■ The Dallas legend, 78, on the Ewings getting axed, visions of her grandson and never doing pantomime again
You’re guest speaker on a cruise ship to New York. Do you like doing them?
I was going to go on one from Copenhagen to St Petersburg but it interfered with a work situation and now I’m going from Southampton to New York. I’ve done several now. One of my favourites was to the fjords in Norway. I climbed a mountain, I was up there like a mountain goat, I had the best time. My children couldn’t believe I’d done it. The scenery was so spectacular I came home wanting to move to Norway.
What does the talk entail?
They’ve made a video about my life and career and one afternoon a week when we’re at sea, I go on stage and the cruise director interviews me while the video plays. I talk about the photographs on screen — my time on Dallas, my family, all the wonderful things that have happened in my life that I’m very grateful for. Then we do a Q and A, take pictures with people and I autograph my memoirs.
What do people ask you?
A lot about Dallas. They remember it fondly and tell me about watching it on the sofa with grandma and mom.
What’s the work situation that changed your plans?
I’m co-producing a film. It’s a comedy with a female cast and I’m in it a little bit. A lot of people at this stage in their lives retire. I can’t relate to that word myself. I don’t even think about it. My friends came to me with a wonderful script and asked me if I’d produce it — I’ve never produced anything before so I’m learning.
Would you go back to Hollyoaks?
I loved the experience and I’m still in touch with [cast member] Lysette Anthony but in shows like that, characters come in and out all the time. My character was alive when she left so I suppose I could go back. But on shows like that, it doesn’t matter if your character has died — you can go back anyway. I loved walking around Liverpool. Everything I’ve done from theatre in the West End, to Hollyoaks, to regional theatre tours — I love the UK.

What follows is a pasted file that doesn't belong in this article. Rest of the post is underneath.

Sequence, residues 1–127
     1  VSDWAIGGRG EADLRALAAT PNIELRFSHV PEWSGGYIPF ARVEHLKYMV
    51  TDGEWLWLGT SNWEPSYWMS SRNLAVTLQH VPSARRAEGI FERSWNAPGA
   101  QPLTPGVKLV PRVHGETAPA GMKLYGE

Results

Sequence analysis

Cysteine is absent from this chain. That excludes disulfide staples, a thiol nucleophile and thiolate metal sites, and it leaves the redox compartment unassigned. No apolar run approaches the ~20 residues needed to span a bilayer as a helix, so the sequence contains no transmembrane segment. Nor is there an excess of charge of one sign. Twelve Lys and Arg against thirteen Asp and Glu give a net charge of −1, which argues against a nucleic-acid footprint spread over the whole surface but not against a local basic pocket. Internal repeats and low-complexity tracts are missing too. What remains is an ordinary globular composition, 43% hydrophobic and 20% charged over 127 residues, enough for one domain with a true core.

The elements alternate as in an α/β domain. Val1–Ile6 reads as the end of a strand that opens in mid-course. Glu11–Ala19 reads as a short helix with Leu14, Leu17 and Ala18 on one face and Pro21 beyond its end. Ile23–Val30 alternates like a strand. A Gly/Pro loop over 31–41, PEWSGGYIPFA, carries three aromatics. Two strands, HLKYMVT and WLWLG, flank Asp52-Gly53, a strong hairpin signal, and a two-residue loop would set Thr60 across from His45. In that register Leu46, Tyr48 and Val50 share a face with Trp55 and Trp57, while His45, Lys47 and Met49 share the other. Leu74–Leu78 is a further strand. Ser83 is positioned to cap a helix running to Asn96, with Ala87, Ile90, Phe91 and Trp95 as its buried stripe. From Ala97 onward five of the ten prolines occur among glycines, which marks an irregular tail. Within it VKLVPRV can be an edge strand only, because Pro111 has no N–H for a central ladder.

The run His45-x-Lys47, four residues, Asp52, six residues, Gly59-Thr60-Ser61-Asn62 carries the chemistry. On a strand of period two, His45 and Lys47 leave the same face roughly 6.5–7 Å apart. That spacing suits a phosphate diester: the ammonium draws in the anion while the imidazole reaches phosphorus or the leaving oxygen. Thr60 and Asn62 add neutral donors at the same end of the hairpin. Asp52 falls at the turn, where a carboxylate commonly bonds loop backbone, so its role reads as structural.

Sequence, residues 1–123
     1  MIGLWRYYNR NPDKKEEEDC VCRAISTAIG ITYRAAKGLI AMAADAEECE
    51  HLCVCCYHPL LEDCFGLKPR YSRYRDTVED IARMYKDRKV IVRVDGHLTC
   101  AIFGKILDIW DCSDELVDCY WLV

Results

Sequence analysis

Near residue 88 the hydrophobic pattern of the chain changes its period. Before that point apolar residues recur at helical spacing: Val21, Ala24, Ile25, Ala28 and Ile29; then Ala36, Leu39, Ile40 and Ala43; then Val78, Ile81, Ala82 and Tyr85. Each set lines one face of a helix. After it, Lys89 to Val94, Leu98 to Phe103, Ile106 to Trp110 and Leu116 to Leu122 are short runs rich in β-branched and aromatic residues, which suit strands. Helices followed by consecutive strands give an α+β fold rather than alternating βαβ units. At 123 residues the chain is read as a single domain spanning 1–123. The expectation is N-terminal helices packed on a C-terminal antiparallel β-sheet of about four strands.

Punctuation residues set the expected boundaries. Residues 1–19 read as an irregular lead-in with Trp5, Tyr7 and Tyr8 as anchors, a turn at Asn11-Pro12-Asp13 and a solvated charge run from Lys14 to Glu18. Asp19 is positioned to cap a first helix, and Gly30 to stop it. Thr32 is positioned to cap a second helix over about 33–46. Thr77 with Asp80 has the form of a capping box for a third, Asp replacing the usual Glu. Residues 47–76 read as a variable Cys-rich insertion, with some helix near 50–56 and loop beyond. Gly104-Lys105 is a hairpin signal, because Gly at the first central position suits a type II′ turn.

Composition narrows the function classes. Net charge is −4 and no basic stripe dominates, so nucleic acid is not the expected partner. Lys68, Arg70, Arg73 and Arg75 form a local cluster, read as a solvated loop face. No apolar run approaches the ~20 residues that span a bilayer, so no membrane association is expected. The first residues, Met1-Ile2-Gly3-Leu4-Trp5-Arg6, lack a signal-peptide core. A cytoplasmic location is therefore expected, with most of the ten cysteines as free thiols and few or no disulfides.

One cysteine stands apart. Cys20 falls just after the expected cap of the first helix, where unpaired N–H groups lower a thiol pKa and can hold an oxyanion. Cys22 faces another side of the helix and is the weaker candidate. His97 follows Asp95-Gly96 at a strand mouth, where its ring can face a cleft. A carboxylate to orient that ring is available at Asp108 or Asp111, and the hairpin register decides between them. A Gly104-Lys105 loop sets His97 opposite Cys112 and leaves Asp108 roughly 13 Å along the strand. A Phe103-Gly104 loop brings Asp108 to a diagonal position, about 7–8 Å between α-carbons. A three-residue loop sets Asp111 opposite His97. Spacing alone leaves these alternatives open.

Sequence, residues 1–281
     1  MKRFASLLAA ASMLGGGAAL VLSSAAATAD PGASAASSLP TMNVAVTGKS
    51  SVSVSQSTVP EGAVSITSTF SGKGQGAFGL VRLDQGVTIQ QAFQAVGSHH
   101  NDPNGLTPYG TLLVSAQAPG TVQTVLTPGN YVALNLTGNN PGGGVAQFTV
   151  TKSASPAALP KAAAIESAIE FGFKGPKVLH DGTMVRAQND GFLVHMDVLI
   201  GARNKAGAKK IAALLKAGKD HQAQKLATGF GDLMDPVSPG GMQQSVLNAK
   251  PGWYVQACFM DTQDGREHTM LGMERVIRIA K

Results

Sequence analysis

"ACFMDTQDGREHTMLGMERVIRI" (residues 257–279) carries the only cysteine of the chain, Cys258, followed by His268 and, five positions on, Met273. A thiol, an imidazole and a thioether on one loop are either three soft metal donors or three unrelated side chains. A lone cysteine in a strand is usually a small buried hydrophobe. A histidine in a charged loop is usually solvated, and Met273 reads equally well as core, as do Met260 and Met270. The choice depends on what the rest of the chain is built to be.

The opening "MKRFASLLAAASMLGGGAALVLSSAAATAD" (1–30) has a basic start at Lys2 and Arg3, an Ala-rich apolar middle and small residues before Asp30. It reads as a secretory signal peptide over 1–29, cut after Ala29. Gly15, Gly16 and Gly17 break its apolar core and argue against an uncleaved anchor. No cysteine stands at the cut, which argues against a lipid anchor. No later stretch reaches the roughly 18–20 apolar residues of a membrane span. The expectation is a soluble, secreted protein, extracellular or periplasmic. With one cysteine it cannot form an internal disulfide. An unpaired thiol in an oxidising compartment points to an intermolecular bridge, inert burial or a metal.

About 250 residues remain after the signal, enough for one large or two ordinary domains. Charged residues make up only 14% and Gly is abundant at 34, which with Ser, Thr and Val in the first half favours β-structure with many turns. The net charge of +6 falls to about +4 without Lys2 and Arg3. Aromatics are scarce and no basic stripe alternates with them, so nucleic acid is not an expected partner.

And you did panto in Wimbledon — would you do another one?
No. I fell in love with the cast but it was gruelling. It was two shows a day. The reboot of Dallas had just been abruptly cancelled and I was invited to do panto — to go from Sue Ellen to the Fairy Godmother in Cinderella was an actor’s dream. I was very lucky. But at the end I was exhausted. I did it, loved it, and as you say over there, I’ve ticked that box.
Why was the Dallas reboot cancelled so quickly?
We’ll never know. It was political. I was disappointed they didn’t give Dallas the respect it deserved. They should have given the show another three episodes just to finish the storylines and say, ‘This is the last time you’ll see these crazy Ewings.’ That would have been respectful to the fans. We had to wait six months to find out we were cancelled. That wasn’t very nice.
Was it down to viewing figures?
We’ll never know. The head of the network was a big Dallas fan but he left for another job. The new regime got rid of all the old regime’s shows.
Have you ever had a supernatural experience?
No, but I had a miraculous event. When my daughter was pregnant with her first child, her due date was September 12, which is my birthday. I thought that would be the best birthday gift you could receive but due dates are rarely accurate. My daughter called on September 10 and said she’d gone into labour. I jumped in the car and as I was driving I saw a child around 18 months looking in through the windshield. He had blonde hair, brown eyes and sang Happy Birthday to me. I freaked out.
I pulled over into the slow lane and said, ‘What did you say?’ And the baby moved his hands and sang Happy Birthday again. I was stunned. I got to my daughter’s house and didn’t say anything, just ‘Let’s go for a walk, maybe it isn’t labour.’ We did and the labour pain stopped. She said ‘How did you know?’ And I said ‘Mothers just know these things’ but I was freaking out. Anyway, the 10th and 11th came and went and she gave birth on the 12th. We all sang Happy Birthday to my baby grandson when he arrived and I figured that was the child I’d seen through my windshield. When he was a tiny baby he was crying, so I picked him up, walked him around the house and sang Happy Birthday to him — he stopped crying and looked at me as if to say ‘How do you know that song?’ It was the most surreal moment of my life.
So you had a vision of your unborn grandson?
Yes. Most people will think, ‘She’s a loony tunes’ but it happened and I don’t care what anyone says.
■ Gray is a speaker onboard Sapphire Princess sailing from Southampton departing Sep 14, princess.com